Ladies, Fail Your Families With the Housekeeping Board Game From a 1963 Family Circle
Your Crap Archivist brings you the finest in forgotten and bewildering crap culled from thrift stores, estate sales, and flea markets.
Family Circle magazines
Date: March 1959 and March 1963 Discovered at: An Indiana flea market
The Cover Promises: "The magazine you need for the life you lead." Also: To soften skin and open your pores, buff your face with a puffy little bird.
"Kitchens, like little girls, are made of all things nice -- well-planed cabinets of glowing wood or shining metal, and equipment that minds the roast, washes the pans and dishes, freezes meats, and keeps fruits, milk, and vegetables fresh."
The magazine for the homemaking women who used to be the girls who, like kitchens, were equipped with parts designed for freezing meat, Family Circle has for decades offered a frank, sometimes depressing look at American domesticity. In March of 1963, the magazine desperately tried to make a game out of it:
St. John's Red Storm Men's Basketball vs. Cal State Northridge Matadors Womens Basketball
TicketsMon., Dec. 5, 6:30pm
Tire Pros Classic - Syracuse V Uconn
TicketsMon., Dec. 5, 7:00pm
Brooklyn Nets vs. Washington Wizards
TicketsMon., Dec. 5, 7:30pm
New York Jets vs. Indianapolis Colts
TicketsMon., Dec. 5, 8:30pm
(Click on the image above to see it larger.)
As the instructions make clear, the game is to be played with pennies; there is no word on whether you should have to ask your husband for them. For an opponent, pick "your neighbor, your daughter, your friend, or dare your husband to play the next time he asks 'What do you do all day, dear?" The winner is the first player to serve breakfast, tackle the laundry, finish the shopping, balance the checkbook, get dinner on the table, and "change and freshen up" before the husband comes home ... all while avoiding the obstacles that cause housewives to lose turns: A visit to the hat shop, raiding the refrigerator, or watching baby overturn the ashtrays.
Here's some highlights:
Wait, what exactly is junior up to under the covers? The good news: This family won't have to worry about him knocking anyone up.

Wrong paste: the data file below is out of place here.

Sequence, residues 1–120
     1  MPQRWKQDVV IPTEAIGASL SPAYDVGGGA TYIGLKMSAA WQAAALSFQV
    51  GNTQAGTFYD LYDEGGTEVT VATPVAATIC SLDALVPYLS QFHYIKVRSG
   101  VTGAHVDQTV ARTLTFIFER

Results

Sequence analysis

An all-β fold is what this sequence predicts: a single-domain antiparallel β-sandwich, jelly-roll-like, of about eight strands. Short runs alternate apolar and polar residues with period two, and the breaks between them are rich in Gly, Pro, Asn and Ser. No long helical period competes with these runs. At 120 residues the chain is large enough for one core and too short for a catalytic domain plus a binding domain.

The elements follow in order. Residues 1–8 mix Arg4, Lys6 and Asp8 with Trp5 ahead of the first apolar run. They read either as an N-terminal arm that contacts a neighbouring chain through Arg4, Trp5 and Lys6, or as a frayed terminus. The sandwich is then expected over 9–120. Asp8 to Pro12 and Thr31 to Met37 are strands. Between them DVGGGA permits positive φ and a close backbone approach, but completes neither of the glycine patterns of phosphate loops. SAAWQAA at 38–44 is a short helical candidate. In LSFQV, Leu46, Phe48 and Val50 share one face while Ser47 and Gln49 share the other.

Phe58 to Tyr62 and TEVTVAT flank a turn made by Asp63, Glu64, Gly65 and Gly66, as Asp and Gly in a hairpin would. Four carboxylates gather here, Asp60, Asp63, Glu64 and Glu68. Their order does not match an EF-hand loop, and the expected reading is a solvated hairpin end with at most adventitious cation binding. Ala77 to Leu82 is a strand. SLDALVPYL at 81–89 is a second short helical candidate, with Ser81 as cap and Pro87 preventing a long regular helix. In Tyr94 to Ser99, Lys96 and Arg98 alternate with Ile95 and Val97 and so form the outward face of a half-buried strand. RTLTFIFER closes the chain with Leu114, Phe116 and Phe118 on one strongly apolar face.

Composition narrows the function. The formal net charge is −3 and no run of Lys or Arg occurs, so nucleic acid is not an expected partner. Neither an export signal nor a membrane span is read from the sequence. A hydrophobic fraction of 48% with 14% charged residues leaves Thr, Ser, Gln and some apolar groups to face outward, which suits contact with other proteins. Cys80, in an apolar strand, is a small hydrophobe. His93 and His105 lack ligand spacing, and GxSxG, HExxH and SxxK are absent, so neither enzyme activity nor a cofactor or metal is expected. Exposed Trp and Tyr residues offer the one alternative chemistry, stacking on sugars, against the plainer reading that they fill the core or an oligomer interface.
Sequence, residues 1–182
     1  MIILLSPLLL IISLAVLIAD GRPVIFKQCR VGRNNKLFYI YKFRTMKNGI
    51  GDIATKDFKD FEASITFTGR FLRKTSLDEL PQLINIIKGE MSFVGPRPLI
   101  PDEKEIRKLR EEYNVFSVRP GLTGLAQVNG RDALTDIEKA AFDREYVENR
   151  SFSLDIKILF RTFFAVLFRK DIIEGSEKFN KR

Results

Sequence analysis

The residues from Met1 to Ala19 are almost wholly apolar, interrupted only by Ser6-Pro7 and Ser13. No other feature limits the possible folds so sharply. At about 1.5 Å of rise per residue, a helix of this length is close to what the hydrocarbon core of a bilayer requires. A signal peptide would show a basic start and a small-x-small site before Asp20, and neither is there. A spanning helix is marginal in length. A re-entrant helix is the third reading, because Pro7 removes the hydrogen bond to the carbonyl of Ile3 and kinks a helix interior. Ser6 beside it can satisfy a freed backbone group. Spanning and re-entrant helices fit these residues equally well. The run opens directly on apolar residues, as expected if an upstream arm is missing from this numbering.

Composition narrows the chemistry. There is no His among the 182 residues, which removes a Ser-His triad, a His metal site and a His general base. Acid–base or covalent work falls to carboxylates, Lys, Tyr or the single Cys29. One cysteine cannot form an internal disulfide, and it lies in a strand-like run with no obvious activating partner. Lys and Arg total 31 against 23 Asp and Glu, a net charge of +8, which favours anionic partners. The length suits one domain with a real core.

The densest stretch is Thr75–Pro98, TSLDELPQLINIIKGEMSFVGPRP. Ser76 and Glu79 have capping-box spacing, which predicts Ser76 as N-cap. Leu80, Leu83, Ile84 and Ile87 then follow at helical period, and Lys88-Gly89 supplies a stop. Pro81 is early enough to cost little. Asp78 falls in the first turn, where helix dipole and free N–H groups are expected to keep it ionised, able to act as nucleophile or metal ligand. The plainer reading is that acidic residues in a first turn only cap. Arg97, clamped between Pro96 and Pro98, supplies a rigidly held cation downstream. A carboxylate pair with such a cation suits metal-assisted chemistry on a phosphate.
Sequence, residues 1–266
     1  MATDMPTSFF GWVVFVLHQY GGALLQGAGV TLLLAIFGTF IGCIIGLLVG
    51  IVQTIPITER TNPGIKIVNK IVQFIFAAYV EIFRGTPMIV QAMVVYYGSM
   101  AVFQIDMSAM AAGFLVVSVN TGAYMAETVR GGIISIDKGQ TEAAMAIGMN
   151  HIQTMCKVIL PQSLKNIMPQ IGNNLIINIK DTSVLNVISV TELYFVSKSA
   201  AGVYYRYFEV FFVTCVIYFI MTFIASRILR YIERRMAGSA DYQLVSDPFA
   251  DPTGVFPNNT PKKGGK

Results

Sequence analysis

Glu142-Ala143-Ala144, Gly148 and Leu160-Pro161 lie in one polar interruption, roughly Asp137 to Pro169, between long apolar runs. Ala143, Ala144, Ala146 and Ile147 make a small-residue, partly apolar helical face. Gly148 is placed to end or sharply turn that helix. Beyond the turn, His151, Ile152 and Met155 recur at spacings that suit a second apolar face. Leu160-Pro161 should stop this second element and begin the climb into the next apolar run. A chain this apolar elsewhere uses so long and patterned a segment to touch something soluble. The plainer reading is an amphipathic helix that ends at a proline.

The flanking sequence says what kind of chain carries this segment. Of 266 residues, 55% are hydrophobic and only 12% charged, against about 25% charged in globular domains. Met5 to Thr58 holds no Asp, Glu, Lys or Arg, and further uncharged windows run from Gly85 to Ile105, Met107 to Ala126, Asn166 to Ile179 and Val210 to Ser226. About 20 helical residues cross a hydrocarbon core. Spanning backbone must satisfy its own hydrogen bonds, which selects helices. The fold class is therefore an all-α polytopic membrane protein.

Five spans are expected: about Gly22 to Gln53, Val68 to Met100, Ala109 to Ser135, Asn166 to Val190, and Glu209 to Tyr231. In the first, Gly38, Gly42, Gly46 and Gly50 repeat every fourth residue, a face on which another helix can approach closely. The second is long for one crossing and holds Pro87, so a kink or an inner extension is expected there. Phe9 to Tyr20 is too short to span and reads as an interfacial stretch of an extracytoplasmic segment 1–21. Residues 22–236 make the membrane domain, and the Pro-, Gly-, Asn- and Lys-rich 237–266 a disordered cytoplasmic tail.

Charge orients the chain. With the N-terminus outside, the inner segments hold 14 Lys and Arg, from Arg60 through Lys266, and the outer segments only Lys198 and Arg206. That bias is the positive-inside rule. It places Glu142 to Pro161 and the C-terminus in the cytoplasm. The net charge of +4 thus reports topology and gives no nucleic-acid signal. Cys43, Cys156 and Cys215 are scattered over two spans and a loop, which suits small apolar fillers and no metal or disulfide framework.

Note that volunteering for the PTA sends you back three spaces.
And what exactly do you win?
A visit from the man whose hard work fills those ashtrays your stupid baby keeps upsetting.
Speaking of jolly douches, let's peek at some other items of interest in these two Family Circles recently turned up by your Crap Archivist. First, this ad, which reminds you not to pour the chemicals beneath your sink into your ladyparts.
Or this one, which purports to be about balloons but in actuality has got to be for therapy:
If you do remember that kind of fun with balloons, there are professionals you can speak to.
Mostly it's the ads that fascinate in these old Family Circles. But the next-to-last sentence of this movie review of To Kill a Mockingbird has an important lesson for us today: Always warn racists about what they might not like in a movie.
Also, note that To Kill a Mockingbird is for adults.
Family Circle might not have been comfortable with Harper Lee's straight talk about race. But they were just fine with their advertisers' about weight:
Many of those advertisers believe in a formula that they're still using today: American women + shame = $$$$. It's not just overweight Family Circle readers who were encouraged to better themselves through purchases. Lord help the wife who smells fertile:
Not all of the ads were upsetting. If you're going to have to spend your days doing ever possible chore, you may as well dress like Kim Jong Il, track star:
By 1963, technology had made much domestic work easier than it had been in all previous history. Still, some problems couldn't be solved by Maytag or General Electric. One growth industry: cardboard hairstyles for women to hold up to their own heads.
Mostly, though, Family Circle was about reminding women how much they have to fear about themselves and their bodies:
Hey, you could do worse than following @studiesincrap on the Twitter thing.
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